BIO: Award winning author Robin Matheson holds an honors specialist degree in Classical Civilization and English and a Master of Education. She’s taught numerous courses at college, overseas and, more recently, online courses on writing. One of Robin’s greatest passions is traveling. In addition to their home base, she and her family have also lived in South East Asia and South Africa. Visit her at www.robiemadison.com
I hope you all have a great Valentine’s Day!
Meanwhile, I come bearing gifts of great links.
First up, as promised, links for fantasy writers.
Mythic Scribes – Great Fantasy resource. It has great articles, forum, and helpful tips! Their twitter is pretty active as well.
Fantasy Writing Tools and Techniques – This is a little long but has some nice tips from a great author.
Web-Writer/Fantasy – Nice article on world building tips.
The Writing Nut – The Motherload of Fantasy resources. Even has tips on making your own language.
SFWA – Science Fiction Writers Association site, the world building tips page.
Free Fantasy Maps – Yep! Free fantasy maps. There’s quite a collection! If you need a map for your story, go here!
Also, there’s apparently a map making software for writers. The map guy uses this program, Pro Fantasy. There’s a demo. I’d recommend trying that out first before shelling out the dough.
There was a great article floating around this week about 6 common dialogue mistakes. Beyond the Margins. My favorite section was this:
How do you achieve that clear “voicing?” Go back through your book draft after draft, layer after layer until each character’s voice is utterly distinct. Your tools to differentiate character voices are: word choice, length of phrases, use of metaphor, beats per line, cadence and tone.
Maybe you, like myself, needed more clarification.
Impishodea.com – On tone
Creative Writings Software 101 – More tips on dialogue
Writers Digest – What are emotional beats?
ReWriter Reword Rework – more on beats vs dialogue tags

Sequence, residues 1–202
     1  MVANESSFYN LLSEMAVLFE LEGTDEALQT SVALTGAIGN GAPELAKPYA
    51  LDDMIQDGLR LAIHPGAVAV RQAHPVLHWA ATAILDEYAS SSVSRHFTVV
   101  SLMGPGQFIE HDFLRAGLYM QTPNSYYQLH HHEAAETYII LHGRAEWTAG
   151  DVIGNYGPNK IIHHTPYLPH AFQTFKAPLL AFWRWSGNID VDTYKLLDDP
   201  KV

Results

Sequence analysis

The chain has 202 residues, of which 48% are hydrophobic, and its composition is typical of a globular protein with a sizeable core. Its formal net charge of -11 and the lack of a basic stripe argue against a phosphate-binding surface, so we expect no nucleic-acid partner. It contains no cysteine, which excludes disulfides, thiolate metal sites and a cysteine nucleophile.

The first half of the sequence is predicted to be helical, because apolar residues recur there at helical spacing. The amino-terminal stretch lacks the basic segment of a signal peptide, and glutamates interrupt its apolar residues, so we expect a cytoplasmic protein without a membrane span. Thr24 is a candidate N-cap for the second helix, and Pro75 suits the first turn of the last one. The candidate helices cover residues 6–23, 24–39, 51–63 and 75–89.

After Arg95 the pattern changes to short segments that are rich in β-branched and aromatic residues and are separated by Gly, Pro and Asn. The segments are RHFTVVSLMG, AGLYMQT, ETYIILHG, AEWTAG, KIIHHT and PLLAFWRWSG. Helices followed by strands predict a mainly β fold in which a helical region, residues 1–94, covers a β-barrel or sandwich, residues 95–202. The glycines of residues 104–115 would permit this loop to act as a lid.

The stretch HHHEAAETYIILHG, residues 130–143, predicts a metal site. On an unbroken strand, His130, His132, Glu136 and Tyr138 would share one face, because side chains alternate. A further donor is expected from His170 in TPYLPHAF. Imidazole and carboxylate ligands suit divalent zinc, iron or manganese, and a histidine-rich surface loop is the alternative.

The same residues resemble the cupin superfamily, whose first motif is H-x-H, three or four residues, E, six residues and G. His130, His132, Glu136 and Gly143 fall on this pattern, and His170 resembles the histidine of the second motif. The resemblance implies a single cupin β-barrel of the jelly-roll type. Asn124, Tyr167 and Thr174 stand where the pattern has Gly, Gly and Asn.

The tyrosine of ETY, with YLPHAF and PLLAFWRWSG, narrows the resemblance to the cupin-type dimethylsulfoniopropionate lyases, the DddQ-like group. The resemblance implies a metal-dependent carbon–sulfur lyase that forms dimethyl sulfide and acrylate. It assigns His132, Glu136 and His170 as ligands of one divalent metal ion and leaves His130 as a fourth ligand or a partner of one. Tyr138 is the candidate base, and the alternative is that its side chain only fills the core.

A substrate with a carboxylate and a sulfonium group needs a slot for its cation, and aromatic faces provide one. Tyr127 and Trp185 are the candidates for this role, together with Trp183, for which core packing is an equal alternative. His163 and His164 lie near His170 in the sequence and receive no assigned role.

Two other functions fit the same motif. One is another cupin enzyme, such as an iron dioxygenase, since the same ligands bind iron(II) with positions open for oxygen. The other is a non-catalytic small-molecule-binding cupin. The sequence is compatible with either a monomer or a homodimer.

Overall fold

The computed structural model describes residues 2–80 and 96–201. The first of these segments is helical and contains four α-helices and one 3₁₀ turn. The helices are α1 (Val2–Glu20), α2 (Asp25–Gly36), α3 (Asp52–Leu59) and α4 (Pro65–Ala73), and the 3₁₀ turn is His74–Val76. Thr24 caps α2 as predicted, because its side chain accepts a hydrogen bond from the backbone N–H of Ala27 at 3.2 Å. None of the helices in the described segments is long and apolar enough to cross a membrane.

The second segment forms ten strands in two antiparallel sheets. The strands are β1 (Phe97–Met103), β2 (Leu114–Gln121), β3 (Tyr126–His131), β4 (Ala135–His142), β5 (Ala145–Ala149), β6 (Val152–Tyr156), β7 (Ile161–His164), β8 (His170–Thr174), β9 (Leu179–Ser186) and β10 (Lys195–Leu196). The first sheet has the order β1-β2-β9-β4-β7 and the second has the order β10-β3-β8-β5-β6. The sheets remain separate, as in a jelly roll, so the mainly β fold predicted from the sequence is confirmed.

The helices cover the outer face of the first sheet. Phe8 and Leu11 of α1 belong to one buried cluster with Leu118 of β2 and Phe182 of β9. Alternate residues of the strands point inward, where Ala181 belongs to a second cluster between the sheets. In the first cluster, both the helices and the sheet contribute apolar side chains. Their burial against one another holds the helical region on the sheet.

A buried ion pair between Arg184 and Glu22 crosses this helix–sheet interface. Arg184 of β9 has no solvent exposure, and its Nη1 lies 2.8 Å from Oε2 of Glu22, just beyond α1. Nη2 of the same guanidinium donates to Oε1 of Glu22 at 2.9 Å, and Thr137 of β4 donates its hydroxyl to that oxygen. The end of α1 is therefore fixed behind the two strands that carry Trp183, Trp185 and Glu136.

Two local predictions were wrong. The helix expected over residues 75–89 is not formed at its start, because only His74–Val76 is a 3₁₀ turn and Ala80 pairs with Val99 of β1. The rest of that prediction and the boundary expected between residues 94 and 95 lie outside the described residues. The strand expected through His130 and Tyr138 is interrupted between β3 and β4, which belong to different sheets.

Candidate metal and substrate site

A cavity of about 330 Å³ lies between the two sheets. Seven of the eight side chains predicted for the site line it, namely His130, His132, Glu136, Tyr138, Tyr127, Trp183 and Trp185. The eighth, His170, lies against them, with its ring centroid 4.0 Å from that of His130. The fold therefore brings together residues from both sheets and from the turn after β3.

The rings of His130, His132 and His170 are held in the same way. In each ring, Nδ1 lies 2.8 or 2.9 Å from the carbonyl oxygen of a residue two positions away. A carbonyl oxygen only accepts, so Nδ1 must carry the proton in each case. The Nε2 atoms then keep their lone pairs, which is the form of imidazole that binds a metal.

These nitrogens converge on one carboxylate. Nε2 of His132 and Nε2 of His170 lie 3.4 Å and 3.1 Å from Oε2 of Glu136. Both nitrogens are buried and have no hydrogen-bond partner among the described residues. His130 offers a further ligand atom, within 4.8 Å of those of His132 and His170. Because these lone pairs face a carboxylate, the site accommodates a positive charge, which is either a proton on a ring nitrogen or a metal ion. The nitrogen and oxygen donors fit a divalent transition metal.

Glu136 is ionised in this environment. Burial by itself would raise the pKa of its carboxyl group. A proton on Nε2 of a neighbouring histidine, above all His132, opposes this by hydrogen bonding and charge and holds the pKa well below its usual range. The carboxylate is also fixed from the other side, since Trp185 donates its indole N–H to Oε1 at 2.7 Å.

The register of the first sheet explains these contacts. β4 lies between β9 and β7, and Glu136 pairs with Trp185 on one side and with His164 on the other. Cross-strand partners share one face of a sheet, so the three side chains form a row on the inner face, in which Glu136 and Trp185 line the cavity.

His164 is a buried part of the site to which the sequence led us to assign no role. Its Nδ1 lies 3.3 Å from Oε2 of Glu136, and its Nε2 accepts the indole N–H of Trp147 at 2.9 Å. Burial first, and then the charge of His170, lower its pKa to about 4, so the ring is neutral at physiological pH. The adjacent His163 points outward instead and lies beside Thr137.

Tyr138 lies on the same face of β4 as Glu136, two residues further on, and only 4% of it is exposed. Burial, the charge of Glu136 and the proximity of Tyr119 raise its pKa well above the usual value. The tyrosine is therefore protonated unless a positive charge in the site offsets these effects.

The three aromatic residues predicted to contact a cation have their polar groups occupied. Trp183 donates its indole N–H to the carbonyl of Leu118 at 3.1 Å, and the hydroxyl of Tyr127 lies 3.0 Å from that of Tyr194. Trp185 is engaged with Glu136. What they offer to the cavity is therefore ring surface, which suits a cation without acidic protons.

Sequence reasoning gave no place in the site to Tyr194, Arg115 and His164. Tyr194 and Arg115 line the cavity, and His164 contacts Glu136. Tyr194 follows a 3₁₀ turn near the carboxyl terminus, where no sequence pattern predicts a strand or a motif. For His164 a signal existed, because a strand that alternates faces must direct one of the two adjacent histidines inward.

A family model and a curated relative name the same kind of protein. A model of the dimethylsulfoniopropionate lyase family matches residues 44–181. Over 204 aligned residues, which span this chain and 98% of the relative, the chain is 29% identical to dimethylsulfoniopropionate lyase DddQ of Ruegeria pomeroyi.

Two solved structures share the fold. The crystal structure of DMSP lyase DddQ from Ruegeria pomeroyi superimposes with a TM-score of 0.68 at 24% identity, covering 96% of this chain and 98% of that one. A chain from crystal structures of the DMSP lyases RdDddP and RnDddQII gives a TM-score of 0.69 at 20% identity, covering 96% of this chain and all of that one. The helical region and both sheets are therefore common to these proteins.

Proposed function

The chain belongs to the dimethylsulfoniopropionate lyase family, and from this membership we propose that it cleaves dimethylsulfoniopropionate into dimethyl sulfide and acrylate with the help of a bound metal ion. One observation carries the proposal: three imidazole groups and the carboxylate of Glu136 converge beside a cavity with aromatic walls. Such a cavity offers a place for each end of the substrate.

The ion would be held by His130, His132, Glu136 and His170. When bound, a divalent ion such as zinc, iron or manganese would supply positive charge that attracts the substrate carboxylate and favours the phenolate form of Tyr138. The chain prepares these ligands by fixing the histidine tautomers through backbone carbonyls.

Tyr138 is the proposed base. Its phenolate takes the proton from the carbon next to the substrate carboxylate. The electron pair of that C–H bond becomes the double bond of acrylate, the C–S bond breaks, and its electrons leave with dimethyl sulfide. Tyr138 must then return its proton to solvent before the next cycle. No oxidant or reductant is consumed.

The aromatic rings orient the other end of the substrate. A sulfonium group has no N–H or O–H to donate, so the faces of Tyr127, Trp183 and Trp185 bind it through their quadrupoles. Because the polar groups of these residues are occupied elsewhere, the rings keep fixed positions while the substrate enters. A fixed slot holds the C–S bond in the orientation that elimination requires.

Nathan Bransford – The almighty Nathan Bransford tips on dialogue
And last but not least, my new favorite rules of dialogue, Seven rules for dialogue.
If there’s any subject you’d like covered, please let me know in the comments.
If it’s out there, I can find it!
Welcome to the North Branch Writers’ Critique group website! I am one of its founding members and the current curator. You can find me anytime @thefebemoss on Twitter and over at my blog. I write poetry, short stories, and novels.
I am also always on the hunt for the best websites, blogs, and articles on writing, social media, self-publishing, and networking. I’ll be posting links to great resources semi-weekly. It’s a great big world out there and it can be hard to find the time to read everything out there. Please feel free to comment if you are looking for a particular topic.
Now, let’s start at the beginning.
If you plan to start reading blogs it can get overwhelming quick. You need to get a feedly account. It’s a great way to organize and keep up to date with your favorite blogs, marking certain posts as read or save it for later. Even categorizing by subject. It’s awesome!
Time to start following blogs.
One of my all time favorite bloggers is Janice Hardy. She has a large archive to guide you through the whole writing process from outlining to revisions. It’s worth combing through it. Plus, she’s super awesome on twitter as well.
Another blogger you must follow is Jami Gold. She is an amazing resource! Tons of downloadable resources all for free. I’ve spent many a hours going through her archive.
Since these two sites are rather extensive, we’ll end here for today.
Next time we’ll discuss resources for fantasy writers!